these pews were once my home
but their backs are to me now.
“you changed. too much you changed” they accuse
without speaking to me
and they gawk
without meeting my eyes.
in the windows your robes
and your son’s
are far too gilt
to be yours,
your skin too white,
too smooth. hairless.
callous-less. Mary, where
are the dirt and sweat
of the rugged roads
your blistered feet trudged out?
what are these false eyes
pale as standing water
where brown eyes deep as rich earth
dark as the secret grove
those glass eyes stare off
into something too distant to be
the Kin(g)dom of
a skin-swaddled God
a beggar’s flaking palms
a cast-off seed.
Maria della Strada,
in your corner you see —
you see — me!
their backs are to you, too.
of the long and potholed road
no one bothers to patch
of refugees and castoffs
of crumbling wayside shrines
that only bruised knees discover
let me sit with you as you nurse
God’s hungry, toothless mouth
and i will gather wildflowers
to crown your unwashed hair.
If you use this piece, please credit it to Avery Arden and link this website. I also invite you to email me at firstname.lastname@example.org to let me know how you’re using it!
About this poem:
“Maria Della Strada” is the Italian form of Our Lady of the Wayside, and a statue of her can be found in my childhood church. Maria Della Strada is a patron of the Ignatians, and Our Lady of the Wayside is a patron of travelers, but I also imagine her as a patron of those left behind on the wayside by churches tied to power.
She is Mary who knew what it was to be an outcast and to embrace impropriety in order to follow after God’s call for her; she is Mary who protects those shoved to the margins and who inspires us to build our sanctuaries there.
I wrote the following about this poem on my instagram back in September 2019:
I wrote this poem a couple Sundays ago after going to Mass for the first time in a long time. I started out in a pew but felt like everyone was staring at me to the point that I could feel panic beginning to clutch at my lungs, restricting my breath — so i awkwardly went and sat in a back corner with a statue of Mary for the entirety of the service.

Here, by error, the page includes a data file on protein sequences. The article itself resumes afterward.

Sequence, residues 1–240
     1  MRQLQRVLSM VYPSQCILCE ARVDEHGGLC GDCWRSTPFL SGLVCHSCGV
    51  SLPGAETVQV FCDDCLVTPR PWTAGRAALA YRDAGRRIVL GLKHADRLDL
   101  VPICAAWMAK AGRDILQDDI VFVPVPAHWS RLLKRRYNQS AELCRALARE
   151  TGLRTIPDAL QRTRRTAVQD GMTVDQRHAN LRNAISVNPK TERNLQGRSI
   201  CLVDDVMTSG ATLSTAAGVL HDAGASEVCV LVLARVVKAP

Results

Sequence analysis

Ever since my first inkling I might be queer quite some years ago, Mother Mary has felt like a comforting protector — whenever I talk to her about it, I feel nothing but love and acceptance from her, and her desire for me to embrace how God had made me and use my queerness to honor her Son. I was grateful to have her in my corner (literally, ha) that Sunday when I felt too anxious to be seen.
Even so, when I went to Mass again this past Sunday and managed to, ya know, sit in a pew like a normal person, I realized my feeling of being gawked at and cold-shouldered was probably more my anxious imagination than reality. Trauma at being rejected by some Christian groups has led to my brain, body, and spirit developing a cynical shield — better not to trust anyone so I can’t be hurt again. Better to hide myself and shield myself, to assume the worst from the start, than risk opening myself up to community only to receive hatred instead.
The cynicism that had me thinking “no one’s going to join me in this pew, to dirty themselves by sitting by this queer who dares enter the house of God,” was quickly exposed as false by a family with young children sliding into my pew. “Oh…they’re not scared I’ll be a Bad Influence on their kids? Huh. …And… no one is staring?? Sure people are glancing at me but that’s normal; the hostile glares I could have sworn I saw last week just aren’t there.” I was able to relax, just a little bit, to calm my fight-or-flight adrenaline-rush enough to feel like I was truly worshiping God with my fellows in the pews, instead of worshiping God in spite of them like the week before.
…The thing I need cishet Christians to understand is this:
It is so. hard. to enter a non-affirming church (or honestly even an affirming one) as a queer person — especially as a visibly queer and trans person. There is so much trauma and fear built up in my psyche that I can’t help but assume the worst of everyone there. I’m glad I went back to Mass a second week to continue to work through that anxiety — because while it’s certainly not unfounded, I know that God calls me to a sort of vulnerability and trust and openness that is so difficult to achieve when you’re dealing with trauma and marginalization!!
When you have been wounded before by fellow members of the Body of Christ, by people who claim “all are welcome” but then turn on you when you show them who you really are….how do you heal enough to be vulnerable again? How do you know which ones you can trust and which ones will attack?
LGBT/queer Christians: How do we be “wise as serpents and innocent as doves,” balancing trust with rationality, vulnerability with self-protection? What do you do to prepare yourself to enter a Christian space?
Cishet Christians: what work can you do to help make LGBTQA folks feel truly safe and welcome in your faith spaces?